Cookies on this website
We use cookies to ensure that we give you the best experience on our website. If you click 'Continue' we'll assume that you are happy to receive all cookies and you won't see this message again. Click 'Find out more' for information on how to change your cookie settings.

In this review we examine the available information on the safety of antimalarials in pregnancy, from both animal and human studies. The antimalarials that can be used in pregnancy include (1) chloroquine, (2) amodiaquine, (3) quinine, (4) azithromycin, (5) sulfadoxine-pyrimethamine, (6) mefloquine, (7) dapsone-chlorproguanil, (8) artemisinin derivatives, (9) atovaquone-proguanil and (10) lumefantrine. Antimalarial drugs that should not be used in pregnancy including (1) halofantrine, (2) tetracycline/doxycycline, and (3) primaquine. There are few studies in humans on the pharmacokinetics, safety and efficacy of antimalarials in pregnancy. This is because pregnant women are systematically excluded from clinical trials. The absence of adequate safety data, especially in the first trimester, is an important obstacle to developing treatment strategies. The pharmacokinetics of most antimalarial drugs are also modified in pregnancy and dosages will need to be adapted. Other factors, including HIV status, drug interactions with antiretrovirals, the influence of haematinics and host genetic polymorphisms may influence safety and efficacy. For these reasons there is an urgent need to assess the safety and efficacy of antimalarial treatments in pregnancy, including artemisinin based combination therapies.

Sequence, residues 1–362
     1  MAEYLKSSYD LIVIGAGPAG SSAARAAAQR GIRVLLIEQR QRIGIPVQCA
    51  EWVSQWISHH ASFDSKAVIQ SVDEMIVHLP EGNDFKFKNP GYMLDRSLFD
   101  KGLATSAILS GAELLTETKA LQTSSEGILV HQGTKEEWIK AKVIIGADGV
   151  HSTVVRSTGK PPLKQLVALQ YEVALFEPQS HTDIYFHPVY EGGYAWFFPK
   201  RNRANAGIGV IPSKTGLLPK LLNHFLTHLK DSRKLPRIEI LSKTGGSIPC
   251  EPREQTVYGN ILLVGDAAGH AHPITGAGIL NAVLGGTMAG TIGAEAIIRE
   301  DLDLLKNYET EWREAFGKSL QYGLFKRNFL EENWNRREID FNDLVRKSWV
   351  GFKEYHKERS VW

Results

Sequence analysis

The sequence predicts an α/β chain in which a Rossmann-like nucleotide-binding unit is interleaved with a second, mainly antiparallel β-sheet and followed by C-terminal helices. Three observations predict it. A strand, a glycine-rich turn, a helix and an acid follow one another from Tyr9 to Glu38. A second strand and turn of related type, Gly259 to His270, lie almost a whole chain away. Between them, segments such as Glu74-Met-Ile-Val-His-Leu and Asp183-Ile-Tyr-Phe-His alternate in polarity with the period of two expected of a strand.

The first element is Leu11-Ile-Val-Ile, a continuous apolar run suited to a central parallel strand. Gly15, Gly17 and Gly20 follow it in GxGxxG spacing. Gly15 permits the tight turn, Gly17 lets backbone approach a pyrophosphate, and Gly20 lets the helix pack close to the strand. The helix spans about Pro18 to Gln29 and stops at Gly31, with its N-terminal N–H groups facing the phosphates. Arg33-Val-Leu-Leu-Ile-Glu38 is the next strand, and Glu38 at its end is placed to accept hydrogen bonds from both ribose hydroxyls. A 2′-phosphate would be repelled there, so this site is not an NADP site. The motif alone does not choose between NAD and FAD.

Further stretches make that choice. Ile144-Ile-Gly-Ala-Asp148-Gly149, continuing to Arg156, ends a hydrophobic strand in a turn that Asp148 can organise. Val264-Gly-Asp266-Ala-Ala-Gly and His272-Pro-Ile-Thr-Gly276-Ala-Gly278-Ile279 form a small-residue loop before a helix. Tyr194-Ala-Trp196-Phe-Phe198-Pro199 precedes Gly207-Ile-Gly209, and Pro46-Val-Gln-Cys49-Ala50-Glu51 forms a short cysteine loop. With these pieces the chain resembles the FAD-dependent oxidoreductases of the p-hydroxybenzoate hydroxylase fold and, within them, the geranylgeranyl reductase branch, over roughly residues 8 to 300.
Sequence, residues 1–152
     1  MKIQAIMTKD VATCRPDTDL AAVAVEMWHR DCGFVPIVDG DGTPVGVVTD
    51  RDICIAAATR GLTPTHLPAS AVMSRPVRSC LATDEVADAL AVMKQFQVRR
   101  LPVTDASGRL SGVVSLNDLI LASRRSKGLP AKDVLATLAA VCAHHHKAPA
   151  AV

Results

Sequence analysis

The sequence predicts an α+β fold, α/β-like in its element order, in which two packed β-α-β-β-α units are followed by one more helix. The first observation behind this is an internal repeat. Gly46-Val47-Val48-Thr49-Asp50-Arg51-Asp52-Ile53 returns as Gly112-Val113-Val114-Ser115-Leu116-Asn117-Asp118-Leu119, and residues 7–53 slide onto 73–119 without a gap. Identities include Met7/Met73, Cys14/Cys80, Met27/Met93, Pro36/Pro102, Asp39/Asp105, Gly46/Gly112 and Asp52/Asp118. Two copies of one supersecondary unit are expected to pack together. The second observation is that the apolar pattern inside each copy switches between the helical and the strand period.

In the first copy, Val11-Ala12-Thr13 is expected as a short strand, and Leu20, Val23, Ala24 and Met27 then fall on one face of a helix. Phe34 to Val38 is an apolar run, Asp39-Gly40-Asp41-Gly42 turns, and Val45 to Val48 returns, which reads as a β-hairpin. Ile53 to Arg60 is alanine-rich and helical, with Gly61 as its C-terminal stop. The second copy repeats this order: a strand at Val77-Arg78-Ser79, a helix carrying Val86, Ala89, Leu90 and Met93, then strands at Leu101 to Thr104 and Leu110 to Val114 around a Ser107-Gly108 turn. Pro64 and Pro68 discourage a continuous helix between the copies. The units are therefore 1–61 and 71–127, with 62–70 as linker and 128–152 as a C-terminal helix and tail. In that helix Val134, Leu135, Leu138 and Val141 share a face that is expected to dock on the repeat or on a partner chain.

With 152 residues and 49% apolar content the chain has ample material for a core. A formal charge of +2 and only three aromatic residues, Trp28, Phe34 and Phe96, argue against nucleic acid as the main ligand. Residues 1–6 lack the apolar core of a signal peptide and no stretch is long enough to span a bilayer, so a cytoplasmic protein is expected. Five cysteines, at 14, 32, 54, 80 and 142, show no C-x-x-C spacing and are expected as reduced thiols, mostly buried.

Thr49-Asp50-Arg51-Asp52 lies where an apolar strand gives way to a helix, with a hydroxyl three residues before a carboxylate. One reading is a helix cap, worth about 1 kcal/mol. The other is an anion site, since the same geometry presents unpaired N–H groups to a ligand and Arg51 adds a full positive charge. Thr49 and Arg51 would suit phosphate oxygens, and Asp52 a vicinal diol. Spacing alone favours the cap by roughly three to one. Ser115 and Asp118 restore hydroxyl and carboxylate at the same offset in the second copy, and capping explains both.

Type

Journal article

Journal

Curr Drug Saf

Publication Date

01/2006

Volume

1

Pages

1 - 15

Keywords

Animals, Antimalarials, Clinical Trials as Topic, Disease Models, Animal, Drug Evaluation, Preclinical, Drug Interactions, Female, Humans, Malaria, Pregnancy, Pregnancy Complications, Parasitic